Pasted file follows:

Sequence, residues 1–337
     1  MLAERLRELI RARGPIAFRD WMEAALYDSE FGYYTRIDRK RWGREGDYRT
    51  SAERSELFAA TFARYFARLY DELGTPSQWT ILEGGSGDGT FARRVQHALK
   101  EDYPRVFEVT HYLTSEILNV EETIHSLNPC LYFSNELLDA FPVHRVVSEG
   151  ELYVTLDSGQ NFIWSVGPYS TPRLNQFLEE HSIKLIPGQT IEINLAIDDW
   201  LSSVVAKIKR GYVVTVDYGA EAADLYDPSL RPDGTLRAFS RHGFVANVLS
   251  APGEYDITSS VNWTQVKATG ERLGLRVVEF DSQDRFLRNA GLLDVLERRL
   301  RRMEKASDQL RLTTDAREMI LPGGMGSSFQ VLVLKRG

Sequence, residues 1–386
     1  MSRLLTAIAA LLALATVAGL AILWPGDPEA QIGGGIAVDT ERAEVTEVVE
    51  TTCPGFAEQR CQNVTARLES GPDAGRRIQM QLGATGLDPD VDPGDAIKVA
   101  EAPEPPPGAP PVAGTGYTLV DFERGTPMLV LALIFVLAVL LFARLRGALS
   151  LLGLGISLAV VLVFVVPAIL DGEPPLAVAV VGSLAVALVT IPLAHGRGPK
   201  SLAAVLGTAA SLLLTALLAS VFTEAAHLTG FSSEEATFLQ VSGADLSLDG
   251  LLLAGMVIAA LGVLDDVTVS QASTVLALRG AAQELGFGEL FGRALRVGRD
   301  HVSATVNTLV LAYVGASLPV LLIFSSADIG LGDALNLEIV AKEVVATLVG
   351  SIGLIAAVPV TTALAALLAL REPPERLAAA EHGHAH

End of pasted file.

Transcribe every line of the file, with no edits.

Sequence, residues 1–337
     1  MLAERLRELI RARGPIAFRD WMEAALYDSE FGYYTRIDRK RWGREGDYRT
    51  SAERSELFAA TFARYFARLY DELGTPSQWT ILEGGSGDGT FARRVQHALK
   101  EDYPRVFEVT HYLTSEILNV EETIHSLNPC LYFSNELLDA FPVHRVVSEG
   151  ELYVTLDSGQ NFIWSVGPYS TPRLNQFLEE HSIKLIPGQT IEINLAIDDW
   201  LSSVVAKIKR GYVVTVDYGA EAADLYDPSL RPDGTLRAFS RHGFVANVLS
   251  APGEYDITSS VNWTQVKATG ERLGLRVVEF DSQDRFLRNA GLLDVLERRL
   301  RRMEKASDQL RLTTDAREMI LPGGMGSSFQ VLVLKRG

Sequence, residues 1–386
     1  MSRLLTAIAA LLALATVAGL AILWPGDPEA QIGGGIAVDT ERAEVTEVVE
    51  TTCPGFAEQR CQNVTARLES GPDAGRRIQM QLGATGLDPD VDPGDAIKVA
   101  EAPEPPPGAP PVAGTGYTLV DFERGTPMLV LALIFVLAVL LFARLRGALS
   151  LLGLGISLAV VLVFVVPAIL DGEPPLAVAV VGSLAVALVT IPLAHGRGPK
   201  SLAAVLGTAA SLLLTALLAS VFTEAAHLTG FSSEEATFLQ VSGADLSLDG
   251  LLLAGMVIAA LGVLDDVTVS QASTVLALRG AAQELGFGEL FGRALRVGRD
   301  HVSATVNTLV LAYVGASLPV LLIFSSADIG LGDALNLEIV AKEVVATLVG
   351  SIGLIAAVPV TTALAALLAL REPPERLAAA EHGHAH